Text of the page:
by Sean T. Collins | New York Times | May 5, 2019
Season 4, Episode 8: ‘Fight Night’
This week, “Billions” staged a charity boxing match between its fake-tough traders. I’m surprised that it took this long for the show to get in the ring.
The mano a mano match between Dollar Bill and Mafee on behalf of their overlords, Bobby Axelrod and Taylor Mason, provides the show with a perfect symbol. On the surface the fight is an act of philanthropy, a way to turn competition between rival firms into something productive. And surface is all it is.
The perfunctory noblesse oblige of the match’s charitable component disguises the venal truth. Two rich men who can barely muster the strength to swing at each other enact an absurd grudge match while their colleagues gamble obscene amounts of money. The winning bet, it turns out, is on both competitors losing. On “Billions,” there’s always a way to make money off someone else’s misfortune.
Meanwhile, the real competition takes place before the bout even starts. Wielding every carrot and stick he and Chuck could get their hands on, Bobby has induced the governor to reverse New York’s fracking ban. Having bet big on the energy sector, Axe Cap’s payoff will be huge.
But the windfall headed Taylor Mason’s way is even bigger. Through two combative appearances on CNBC’s “Halftime Report,” Mason goads Axe into spending substantial political and actual capital on reversing the ban. Bobby takes the bait, hoping to hurt both the pocketbook and the public reputation of his hated rival.
But by quietly buying up the rights to the water without which no fracking can actually take place — for a song, at that — Mason Cap has positioned itself to emerge from the fracas an even bigger winner. Bobby, meanwhile, is left to feel like a fool who fell for his former underling’s ruse, hook, line and sinker.
“I see that taking credit for my success in the midst of defeat is a kind of balm,” Taylor sneers when Bobby tries to save face by saying he made Mason’s win possible. “So you go on ahead.” That’s gotta sting. (Helping his billionaire girlfriend, Rebecca Cantu, gain control of the department-store chain she dreamed about as a small-town kid soothes it a little, I’m sure.)
Will Bobby learn anything from this? Certainly not morally. He’ll be more wary of tangling with Taylor head-on next time, the same way Taylor learned to be both more cautious and more vicious from the Axe-induced debacle that destroyed the Mason family last week. But the vendetta will continue, even redouble. It always does.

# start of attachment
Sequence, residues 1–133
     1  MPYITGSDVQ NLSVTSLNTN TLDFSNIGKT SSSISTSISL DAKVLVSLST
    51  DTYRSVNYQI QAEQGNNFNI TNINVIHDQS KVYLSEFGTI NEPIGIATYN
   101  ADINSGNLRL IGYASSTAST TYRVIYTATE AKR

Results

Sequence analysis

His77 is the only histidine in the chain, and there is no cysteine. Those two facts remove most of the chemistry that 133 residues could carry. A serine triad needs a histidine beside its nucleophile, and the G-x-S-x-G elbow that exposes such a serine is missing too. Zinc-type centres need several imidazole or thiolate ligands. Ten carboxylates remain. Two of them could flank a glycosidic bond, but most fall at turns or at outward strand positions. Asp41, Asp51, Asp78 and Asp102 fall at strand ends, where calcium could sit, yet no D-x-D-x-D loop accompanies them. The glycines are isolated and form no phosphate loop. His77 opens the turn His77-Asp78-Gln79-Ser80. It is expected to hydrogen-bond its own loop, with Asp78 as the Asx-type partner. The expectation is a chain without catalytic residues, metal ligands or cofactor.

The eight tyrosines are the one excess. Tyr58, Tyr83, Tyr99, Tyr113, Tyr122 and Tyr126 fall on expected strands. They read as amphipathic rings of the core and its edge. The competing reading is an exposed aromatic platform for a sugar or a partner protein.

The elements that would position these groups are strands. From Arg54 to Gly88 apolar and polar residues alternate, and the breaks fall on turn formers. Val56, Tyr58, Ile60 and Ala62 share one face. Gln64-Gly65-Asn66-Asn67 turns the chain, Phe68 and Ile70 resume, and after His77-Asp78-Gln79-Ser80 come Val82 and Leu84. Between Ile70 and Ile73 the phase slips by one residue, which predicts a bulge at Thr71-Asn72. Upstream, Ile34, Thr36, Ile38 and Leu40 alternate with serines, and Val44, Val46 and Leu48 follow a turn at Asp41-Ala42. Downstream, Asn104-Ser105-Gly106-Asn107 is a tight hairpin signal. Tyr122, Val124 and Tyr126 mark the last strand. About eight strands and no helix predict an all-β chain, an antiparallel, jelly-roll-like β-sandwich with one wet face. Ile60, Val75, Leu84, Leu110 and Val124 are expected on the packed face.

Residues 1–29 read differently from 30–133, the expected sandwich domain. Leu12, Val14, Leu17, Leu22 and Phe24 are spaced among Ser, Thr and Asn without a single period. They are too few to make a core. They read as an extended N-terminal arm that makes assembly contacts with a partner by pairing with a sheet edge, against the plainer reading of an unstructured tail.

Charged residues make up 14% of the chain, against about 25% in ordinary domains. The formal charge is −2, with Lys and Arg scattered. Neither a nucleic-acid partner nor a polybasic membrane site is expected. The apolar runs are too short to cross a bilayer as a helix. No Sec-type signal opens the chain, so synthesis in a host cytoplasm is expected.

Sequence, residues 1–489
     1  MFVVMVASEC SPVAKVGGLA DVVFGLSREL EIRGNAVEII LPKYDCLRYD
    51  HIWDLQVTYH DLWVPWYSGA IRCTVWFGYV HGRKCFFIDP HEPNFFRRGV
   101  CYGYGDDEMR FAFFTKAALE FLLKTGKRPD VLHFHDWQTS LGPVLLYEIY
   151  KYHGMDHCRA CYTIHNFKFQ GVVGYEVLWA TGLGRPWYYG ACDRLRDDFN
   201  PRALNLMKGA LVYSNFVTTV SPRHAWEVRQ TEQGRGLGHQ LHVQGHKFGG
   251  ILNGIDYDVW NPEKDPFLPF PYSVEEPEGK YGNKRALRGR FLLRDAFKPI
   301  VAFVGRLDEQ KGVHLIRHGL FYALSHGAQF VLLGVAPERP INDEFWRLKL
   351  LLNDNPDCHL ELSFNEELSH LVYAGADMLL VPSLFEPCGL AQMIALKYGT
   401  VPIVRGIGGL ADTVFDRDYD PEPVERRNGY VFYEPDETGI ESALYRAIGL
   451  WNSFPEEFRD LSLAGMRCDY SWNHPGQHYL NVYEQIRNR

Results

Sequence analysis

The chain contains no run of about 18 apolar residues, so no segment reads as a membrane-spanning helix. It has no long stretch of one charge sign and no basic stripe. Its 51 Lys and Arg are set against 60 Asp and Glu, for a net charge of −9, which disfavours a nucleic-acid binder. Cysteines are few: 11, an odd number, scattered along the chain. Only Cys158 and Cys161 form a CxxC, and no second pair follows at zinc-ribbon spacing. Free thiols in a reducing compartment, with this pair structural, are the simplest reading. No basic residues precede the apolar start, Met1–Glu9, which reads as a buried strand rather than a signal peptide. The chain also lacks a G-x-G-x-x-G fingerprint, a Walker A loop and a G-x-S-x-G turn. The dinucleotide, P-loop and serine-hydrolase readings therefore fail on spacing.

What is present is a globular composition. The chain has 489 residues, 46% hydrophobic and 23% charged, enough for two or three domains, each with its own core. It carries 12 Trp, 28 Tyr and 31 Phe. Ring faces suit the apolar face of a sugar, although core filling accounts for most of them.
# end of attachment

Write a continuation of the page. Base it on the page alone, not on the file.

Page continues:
Some characters even wage that war on spec. Consider Sarah (Samantha Mathis), Mason Cap’s major-domo. Given explicit orders to leave Wendy Rhoades alone, regardless of the role she played in destroying George Mason’s dreams, Sarah goes over Taylor’s head and sics the medical board on Wendy for ethics violations.
Taylor learns of the maneuver directly from Wendy when they meet in the crowd at the boxing match. After a split second’s hesitation, Mason rolls with it, claiming responsibility even though it was Sarah who must have pulled the trigger. Sarah, whose admiration for Taylor appears to be more than professional, appreciates the retroactive blessing for the attack.
Wendy, of course, is guilty as sin. She knows it full well. Pep talks from both Bobby and Bonnie bounce right off her. As would-be clients refuse her services, Wendy admits she’s shaken to her core about this — more so, even, than by her husband’s humiliating public revelation of their sexual kinks.
That discrepancy is revealing in its own way. Sex, love and marriage are as important to Wendy as they are to anyone. But being stripped of her license to practice would be a direct hit on her deepest sense of self.
Being a doctor matters to Wendy. Despite her shenanigans in service of her boss’s and her husband’s respective (and collective) schemes, she’s still Dr. Wendy Rhoades. Losing that honorific would call her entire life’s work into question.
Kate Sacker is facing a similar internal struggle. Attorney General Jock Jeffcoat’s current bugbear is mobile voting. His reasons are unclear to the other characters, though suppressing the votes of marginalized people is a tried and true tactic for good ol’ boy politicians. Sacker has been a good soldier in Jeffcoat and Connerty’s war against Chuck. But her skin instinctively crawls in response.
For his part, Chuck combines political idealism with his desire to stick it to Jeffcoat and pushes for a mobile-voting pilot program among the Cayuga Nation people in upstate New York. This same group controls the casino that helped Charles Sr. rake in big real estate bucks … and father a secret daughter with one of the locals, as Chuck learns to his chagrin. With the usual carrot-stick two-step, Chuck works with the tribe to get the pilot program greenlit.
In response, Jeffcoat moves against Rhoades’s nominal ally, Commissioner Sansone. His threat to pull federal funding for the department’s crown-jewel antiterror efforts and various other programs is enough to convince the Commish to shut down Charles Sr.’s waterfront construction project.
Thrust and parry, jab and dodge, et cetera and ad nauseam. Directed by Colin Bucksey from a story by Lenore Zion and a script by Alice O’Neill, “Fight Night” is “Billions” at its most crisp, brisk and brutal.
The twists and turns and pop-culture quotes are sumptuous, and every actor seems to appreciate the theatrical vibe of the project — part Oscar Wilde, part Bernard Shaw — a little more each week.
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